Jump to content
IGNORED

SSD with SATA interface: a recommendation?


Recommended Posts

AFAIK, my G5 supports an SATA connection, but the drives you mention are SATAII -- are the SATAII drives "backward compatible" with the older SATA interface? Or does that even make sense?

 

edit: a little research, and yes, it seems the drives are backward compatible even if the advantages of the increased speed will not be realized. Interesting. Would it be worth it then?

 

Link to comment
Share on other sites

SATA I speed is 1.5 Gbit/s v. SATA II at 3 Gbit/s. Chances are pretty low you will saturate the SATA I interface with over 1.5 Gbit/s running a music server. Other than speed the benefits are lower heat, removing a major moving part in the computer, and many of us hear a big sonic impact moving to SSDs.

 

Founder of Audiophile Style

Announcing The Audiophile Style Podcast

Link to comment
Share on other sites

Hi Clay - What I hear is a combination of low level detail likely brought out because of less background "noise" and a much clearer presentation. I know it may sound weird but things are much clearer. Almost like spinning drives muddy the waters so-to-speak and NAS drives make the waters even muddier.

 

I will say that the sonic differences are more apparent on more resolving systems. For example the Magico M5 & Boulder system at the Symposium made this difference very evident. A month or so before the Symposium I was listening to Magico Minis with Pass Labs amps and a Pacific Microsonics Model Two DAC and the difference was also readily evident to those of us listening. On the other hand, some lesser quality tube based systems I've used can make it hard to notice a sonic difference.

 

In general an SSD should not hurt the sound and can only improve upon a spinning HDD.

 

 

 

Founder of Audiophile Style

Announcing The Audiophile Style Podcast

Link to comment
Share on other sites

"What I hear is a combination of low level detail likely brought out because of less background "noise" and a much clearer presentation. I know it may sound weird but things are much clearer. Almost like spinning drives muddy the waters so-to-speak and NAS drives make the waters even muddier. Chris"

 

Chris

Is that not what both Siverlight and myself have been claiming with respect to noise and vibration deadening of the Optical Drives and HDDs etc. ?

SandyK

 

"The differences were often quite subtle, but many members reported hearing improvements in soundstage,

the improved separation between instruments and voices, as well as a frequent comment about improvement in low level detail, and voices etc taking longer to fade out, due to what appeared to be an improvement in signal to noise ratio."

 

http://www.computeraudiophile.com/content/PC-Performanceupgrades-impact-sound-Honest-Canvass-Opinion#comment-24376

 

 

SandyK

P.S. There are much more indepth follow on replies by Silverlight in another thread.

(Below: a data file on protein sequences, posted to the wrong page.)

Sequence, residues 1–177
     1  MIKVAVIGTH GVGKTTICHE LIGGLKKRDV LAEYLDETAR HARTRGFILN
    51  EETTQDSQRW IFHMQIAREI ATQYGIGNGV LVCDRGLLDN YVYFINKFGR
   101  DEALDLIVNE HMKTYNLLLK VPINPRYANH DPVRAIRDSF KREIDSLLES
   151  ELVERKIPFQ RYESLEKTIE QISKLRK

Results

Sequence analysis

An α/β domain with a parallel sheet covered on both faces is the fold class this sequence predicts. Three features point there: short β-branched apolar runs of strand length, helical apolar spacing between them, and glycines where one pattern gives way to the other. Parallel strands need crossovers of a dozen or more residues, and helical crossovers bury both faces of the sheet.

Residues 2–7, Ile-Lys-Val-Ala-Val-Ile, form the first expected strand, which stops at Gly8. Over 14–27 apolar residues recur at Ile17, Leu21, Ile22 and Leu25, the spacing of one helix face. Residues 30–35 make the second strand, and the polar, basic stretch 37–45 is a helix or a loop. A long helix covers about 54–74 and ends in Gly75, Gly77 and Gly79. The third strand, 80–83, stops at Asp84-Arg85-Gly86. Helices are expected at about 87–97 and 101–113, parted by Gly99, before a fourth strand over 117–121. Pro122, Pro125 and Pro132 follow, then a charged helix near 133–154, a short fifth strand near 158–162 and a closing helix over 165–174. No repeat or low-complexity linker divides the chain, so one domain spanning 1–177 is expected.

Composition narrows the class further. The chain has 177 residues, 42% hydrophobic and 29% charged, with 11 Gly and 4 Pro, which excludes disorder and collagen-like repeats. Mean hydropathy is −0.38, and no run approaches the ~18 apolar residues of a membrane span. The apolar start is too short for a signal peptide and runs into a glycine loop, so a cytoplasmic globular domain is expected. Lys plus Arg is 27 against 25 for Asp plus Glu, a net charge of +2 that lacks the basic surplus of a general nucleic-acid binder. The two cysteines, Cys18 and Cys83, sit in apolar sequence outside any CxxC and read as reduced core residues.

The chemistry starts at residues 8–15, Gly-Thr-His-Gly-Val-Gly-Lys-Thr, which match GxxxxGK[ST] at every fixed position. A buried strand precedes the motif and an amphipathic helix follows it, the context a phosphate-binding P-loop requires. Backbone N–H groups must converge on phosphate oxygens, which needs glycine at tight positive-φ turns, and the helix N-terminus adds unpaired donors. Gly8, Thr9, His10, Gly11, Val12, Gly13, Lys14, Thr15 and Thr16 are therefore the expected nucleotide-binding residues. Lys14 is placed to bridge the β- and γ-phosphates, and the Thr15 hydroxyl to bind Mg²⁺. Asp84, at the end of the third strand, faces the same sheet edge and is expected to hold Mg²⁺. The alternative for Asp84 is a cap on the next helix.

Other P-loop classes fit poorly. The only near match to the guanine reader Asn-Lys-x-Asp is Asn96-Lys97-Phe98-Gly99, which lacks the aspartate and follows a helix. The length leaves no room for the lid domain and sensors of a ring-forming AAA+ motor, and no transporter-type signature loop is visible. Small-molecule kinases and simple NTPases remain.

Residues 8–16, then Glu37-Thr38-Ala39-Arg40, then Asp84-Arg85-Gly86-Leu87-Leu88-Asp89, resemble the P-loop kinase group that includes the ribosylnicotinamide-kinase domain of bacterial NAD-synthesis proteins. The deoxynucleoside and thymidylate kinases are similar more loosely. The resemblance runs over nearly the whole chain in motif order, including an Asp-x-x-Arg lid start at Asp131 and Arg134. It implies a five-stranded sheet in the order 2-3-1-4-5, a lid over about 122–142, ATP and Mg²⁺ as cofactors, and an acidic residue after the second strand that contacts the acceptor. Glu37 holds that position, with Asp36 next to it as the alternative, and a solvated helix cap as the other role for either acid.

http://www.computeraudiophile.com/content/CD-Japan-server

 

Also a very interesting article on jitter : Thu, 11/13/2008 - 10:42 — Cavaille

http://www.computeraudiophile.com/content/Best-Sounding-Software

 

 

How a Digital Audio file sounds, or a Digital Video file looks, is governed to a large extent by the Power Supply area. All that Identical Checksums gives is the possibility of REGENERATING the file to close to that of the original file.

PROFILE UPDATED 13-11-2020

Link to comment
Share on other sites

Gang,

 

Any of the OCZ Vertex drives or the SuperTalent UltraDrives will work. Newegg as Chris mentioned is a great site to look for these as they give the raw speeds. Look for the highest read/write speeds which should be like 220 or better for read and over 125 for write. You don't have to get the MAC versions as these are just formatted and partitioned for MAC os. You can easily do all this in the disk utility.

 

I am not sure though if you maybe better just holding off and going to the Intel platform for better results.

 

Thanks

Gordon

 

Link to comment
Share on other sites

Does anyone have any experience running a "new" SATA2 drive in "backward compatibility mode" (assuming that there is even such a thing) on an older SATA-only interface?

 

I was wondering if getting an OCZ SATA2 drive with all the bells and whistles would simply be a waste if the drive cannot perform well in a machine that doesn't support the high throughput rates. But if it throttles down to interface limits, well, that might not be bad at all.

 

Link to comment
Share on other sites

Yes, I was doing just that until Apple released a firmware upgrade to make the SATA controller SATA II enabled on my new MacBook Pro. It worked great.

 

Get SATA II. Not many SATA I drives around. SATA III is coming out in 2010 though.

 

Founder of Audiophile Style

Announcing The Audiophile Style Podcast

Link to comment
Share on other sites

I created a little app that creates a 1 GB RAM drive on a Mac. It doesn't install anything, can be ejected like an external hard drive, and disappears upon reboot.

 

 

Here is the download for anyone interested 1 GB RAM Drive.

 

 

 

 

Founder of Audiophile Style

Announcing The Audiophile Style Podcast

Link to comment
Share on other sites

Create an account or sign in to comment

You need to be a member in order to leave a comment

Create an account

Sign up for a new account in our community. It's easy!

Register a new account

Sign in

Already have an account? Sign in here.

Sign In Now
 Share



×
×
  • Create New...